TOXICOKINETICS

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and fractional rate constant. In many instances this can only be derived by appropriate pharmacokinetic analysis of a given data set following blood or urine sample collection and appropriate chemical analyses to determine toxicant concentrations in either of these biological matrices. Each of the processes discussed thus far absorption, distribution, and elimination can be described as a rate process. In general, the process is assumed to be rst order in that the rate of transfer at any time is proportional to the amount of drug in the body at that time. Recall that the rate of transport (dC/dt) is proportional to toxicant concentration (C) or stated mathematically: dC = KC, dt where K is the rate constant (fraction per unit time). Many pharmacokinetic analyses of a chemical are based primarily on toxicant concentrations in blood or urine samples. It is often assumed in these analyses that the rate of change of toxicant concentration in blood re ects quantitatively the change in toxicant concentration throughout the body ( rst-order principles). Because of the elimination/clearance process, which also assumed to be a rst-order rate process, the preceding rate equation now needs a negative sign. This is really a decaying process that is observed as a decline of toxicant concentration in blood or urine after intravenous (IV) administration. The IV route is preferred in these initial analyses because there is no absorption phase, but only chemical depletion phase. However, one cannot measure in nitesimal change of C or time, t; therefore there needs to be integration after rearrangement of the equation above: dC dC = kdt becomes = k dt, C C which can be expressed as C = C 0 e kt ,

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where e is the base of the natural logarithm. We can remove e by taking the ln of both sides: ln C t = ln C 0 kt. Note that K is the slope of the straight line for a semilog plot of toxicant concentration versus time (Figure 6.12). In the preceding equation it is the elimination rate constant that is related to the half-life of the toxicant described earlier in this chapter. The derived C 0 can be used to calculate the volume of distribution (Vd ) of the toxicant as follows: Dose Vd = . C0 However, toxicokinetic data for many toxicants do not always provide a straight line when plotted as described above. More complicated equations with more than one exponential term with rate constants may be necessary to mathematically describe the concentration-time pro le. These numerous rate constants are indicative of chemical transport between various compartments in the body and not only to a single central compartment as suggested in the simple equation and semilog plot described in

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ABSORPTION AND DISTRIBUTION OF TOXICANTS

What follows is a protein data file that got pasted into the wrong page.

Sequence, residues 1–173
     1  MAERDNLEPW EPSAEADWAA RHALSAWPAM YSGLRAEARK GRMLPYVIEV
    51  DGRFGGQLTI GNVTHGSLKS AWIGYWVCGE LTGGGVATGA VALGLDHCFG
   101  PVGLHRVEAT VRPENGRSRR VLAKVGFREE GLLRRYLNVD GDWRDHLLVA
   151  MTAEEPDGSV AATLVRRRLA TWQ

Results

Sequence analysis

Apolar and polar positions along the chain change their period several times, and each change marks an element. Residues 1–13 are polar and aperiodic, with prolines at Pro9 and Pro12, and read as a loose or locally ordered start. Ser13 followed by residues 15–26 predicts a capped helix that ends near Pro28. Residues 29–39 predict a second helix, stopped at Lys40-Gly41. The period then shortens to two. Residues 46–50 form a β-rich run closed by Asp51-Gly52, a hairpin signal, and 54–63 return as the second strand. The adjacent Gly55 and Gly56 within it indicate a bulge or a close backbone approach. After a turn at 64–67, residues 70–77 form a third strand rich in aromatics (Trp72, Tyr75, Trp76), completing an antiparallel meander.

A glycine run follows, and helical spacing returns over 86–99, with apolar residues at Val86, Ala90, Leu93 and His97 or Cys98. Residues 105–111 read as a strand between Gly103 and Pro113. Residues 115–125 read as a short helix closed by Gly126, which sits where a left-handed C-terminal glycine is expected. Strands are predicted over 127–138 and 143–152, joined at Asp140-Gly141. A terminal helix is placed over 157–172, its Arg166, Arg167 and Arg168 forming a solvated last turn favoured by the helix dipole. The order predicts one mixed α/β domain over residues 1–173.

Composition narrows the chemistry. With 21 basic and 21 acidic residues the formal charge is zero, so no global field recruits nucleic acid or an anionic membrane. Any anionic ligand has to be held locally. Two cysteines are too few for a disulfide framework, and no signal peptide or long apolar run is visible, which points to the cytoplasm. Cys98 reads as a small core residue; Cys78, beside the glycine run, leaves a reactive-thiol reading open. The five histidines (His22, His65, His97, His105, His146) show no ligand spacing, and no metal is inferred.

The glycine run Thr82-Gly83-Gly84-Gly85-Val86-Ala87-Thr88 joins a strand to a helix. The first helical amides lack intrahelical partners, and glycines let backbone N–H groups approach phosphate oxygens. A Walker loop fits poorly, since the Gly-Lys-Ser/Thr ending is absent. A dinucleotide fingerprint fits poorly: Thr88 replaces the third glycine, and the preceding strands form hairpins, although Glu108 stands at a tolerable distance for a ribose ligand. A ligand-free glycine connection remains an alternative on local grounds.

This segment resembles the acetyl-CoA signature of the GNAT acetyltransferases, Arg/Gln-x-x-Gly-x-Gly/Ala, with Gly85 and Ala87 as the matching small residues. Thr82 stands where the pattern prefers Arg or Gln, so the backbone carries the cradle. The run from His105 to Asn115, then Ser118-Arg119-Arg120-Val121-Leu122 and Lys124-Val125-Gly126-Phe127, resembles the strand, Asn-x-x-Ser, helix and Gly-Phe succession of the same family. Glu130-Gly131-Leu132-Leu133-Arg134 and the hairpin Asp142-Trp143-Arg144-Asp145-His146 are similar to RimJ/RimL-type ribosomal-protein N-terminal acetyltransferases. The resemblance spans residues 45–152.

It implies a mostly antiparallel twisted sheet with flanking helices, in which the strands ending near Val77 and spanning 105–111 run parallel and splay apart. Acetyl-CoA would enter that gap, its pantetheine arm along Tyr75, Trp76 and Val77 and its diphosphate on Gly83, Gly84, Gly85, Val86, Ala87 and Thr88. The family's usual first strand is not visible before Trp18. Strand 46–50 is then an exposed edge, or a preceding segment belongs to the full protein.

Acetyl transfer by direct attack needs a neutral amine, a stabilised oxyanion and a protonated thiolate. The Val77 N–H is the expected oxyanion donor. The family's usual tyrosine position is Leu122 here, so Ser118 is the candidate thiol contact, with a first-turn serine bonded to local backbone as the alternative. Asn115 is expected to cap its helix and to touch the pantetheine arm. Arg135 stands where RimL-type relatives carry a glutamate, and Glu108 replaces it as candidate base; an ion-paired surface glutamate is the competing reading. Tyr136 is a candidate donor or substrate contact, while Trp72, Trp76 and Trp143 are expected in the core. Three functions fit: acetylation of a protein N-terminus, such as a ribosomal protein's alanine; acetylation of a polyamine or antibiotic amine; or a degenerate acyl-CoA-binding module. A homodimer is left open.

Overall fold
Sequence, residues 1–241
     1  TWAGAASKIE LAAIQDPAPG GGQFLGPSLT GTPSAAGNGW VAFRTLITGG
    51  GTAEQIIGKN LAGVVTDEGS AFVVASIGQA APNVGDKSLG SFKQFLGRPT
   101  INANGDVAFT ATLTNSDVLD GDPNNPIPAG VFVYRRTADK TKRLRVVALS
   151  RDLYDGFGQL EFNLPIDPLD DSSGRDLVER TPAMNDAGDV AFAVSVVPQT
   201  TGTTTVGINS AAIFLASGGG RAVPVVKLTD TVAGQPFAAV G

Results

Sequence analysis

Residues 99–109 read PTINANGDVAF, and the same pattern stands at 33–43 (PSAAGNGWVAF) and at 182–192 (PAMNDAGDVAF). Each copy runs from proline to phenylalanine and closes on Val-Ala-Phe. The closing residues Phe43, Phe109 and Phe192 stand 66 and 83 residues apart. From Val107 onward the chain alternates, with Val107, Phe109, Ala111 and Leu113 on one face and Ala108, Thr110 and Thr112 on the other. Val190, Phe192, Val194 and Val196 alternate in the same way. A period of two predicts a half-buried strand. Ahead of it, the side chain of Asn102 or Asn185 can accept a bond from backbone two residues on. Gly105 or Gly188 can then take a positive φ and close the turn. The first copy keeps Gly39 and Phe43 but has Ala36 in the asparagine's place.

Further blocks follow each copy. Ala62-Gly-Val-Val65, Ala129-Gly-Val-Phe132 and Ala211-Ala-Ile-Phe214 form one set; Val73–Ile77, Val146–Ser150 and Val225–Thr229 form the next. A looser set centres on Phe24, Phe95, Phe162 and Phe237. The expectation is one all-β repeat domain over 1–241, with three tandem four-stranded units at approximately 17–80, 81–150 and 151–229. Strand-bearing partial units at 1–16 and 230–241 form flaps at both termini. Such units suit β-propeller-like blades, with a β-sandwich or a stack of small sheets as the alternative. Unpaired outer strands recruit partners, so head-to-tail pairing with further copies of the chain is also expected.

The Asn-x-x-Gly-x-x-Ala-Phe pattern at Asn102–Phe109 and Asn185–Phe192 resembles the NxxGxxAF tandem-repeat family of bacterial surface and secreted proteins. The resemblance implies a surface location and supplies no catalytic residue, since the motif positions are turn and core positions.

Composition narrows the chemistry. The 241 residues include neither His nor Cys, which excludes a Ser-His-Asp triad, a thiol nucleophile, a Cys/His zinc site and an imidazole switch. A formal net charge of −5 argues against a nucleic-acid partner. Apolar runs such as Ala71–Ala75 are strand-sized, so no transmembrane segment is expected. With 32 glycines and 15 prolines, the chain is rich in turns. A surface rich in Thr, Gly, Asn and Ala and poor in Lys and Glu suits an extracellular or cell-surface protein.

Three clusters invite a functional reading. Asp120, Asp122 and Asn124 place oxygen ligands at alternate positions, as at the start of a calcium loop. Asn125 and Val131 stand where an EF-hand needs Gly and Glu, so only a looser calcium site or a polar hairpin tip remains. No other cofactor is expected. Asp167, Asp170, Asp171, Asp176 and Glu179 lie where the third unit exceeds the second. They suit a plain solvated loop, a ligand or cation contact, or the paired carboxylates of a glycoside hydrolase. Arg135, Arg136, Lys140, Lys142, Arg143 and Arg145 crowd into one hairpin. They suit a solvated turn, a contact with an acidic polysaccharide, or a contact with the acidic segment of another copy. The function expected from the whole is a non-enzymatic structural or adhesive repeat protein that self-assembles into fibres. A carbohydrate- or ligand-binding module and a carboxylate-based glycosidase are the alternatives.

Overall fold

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Cp0 Slope = Kel lnCp K

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Central Kel Time (a) (b)

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Figure 6.12 (a) Semilog plot of plasma concentration (Cp ) versus time. Cp 0 is the intercept on the y-axis, and Kel is the elimination rate constant. (b) Single compartment model with rate constants for absorption, Ka and for elimination, Kel .

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Cp0 A1 = A lnCp

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a = l1 b = l2 Time (a) Central (1) Kel = K10

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K12 K21

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A2 = B

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Peripheral (2)

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Figure 6.13 (a) Semilog plot of plasma concentration for (Cp ) versus time representative of a two-compartment model. The curve can be broken down into an or 1 distribution phase and or 2 elimination phase. (b) Two-compartment model with transfer rate constants, K12 and K21 , and elimination rate constant, Kel .

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Figure 6.12. In some instances the data may t to a bi-exponential concentration-time pro le (Figure 6.13). The equation to describe this model is C = Ae t + Be t . In other instances, complex pro les may require a three- or multi-exponential concentration-time pro le (Figure 6.14). The equation to describe the three-pro le case is C = Ae t + Be t + Ce t . In the physiological sense, one can divide the body into compartments that represent discrete parts of the whole-blood, liver, urine, and so on, or use a mathematical model describing the process as a composite that pools together parts of tissues involved in distribution and bioactivation. Usually pharmacokinetic compartments have no anatomical or physiological identity; they represent all locations within the body that have similar characteristics relative to the transport rates of the particular toxicant. Simple rst-order kinetics is usually accepted to describe individual

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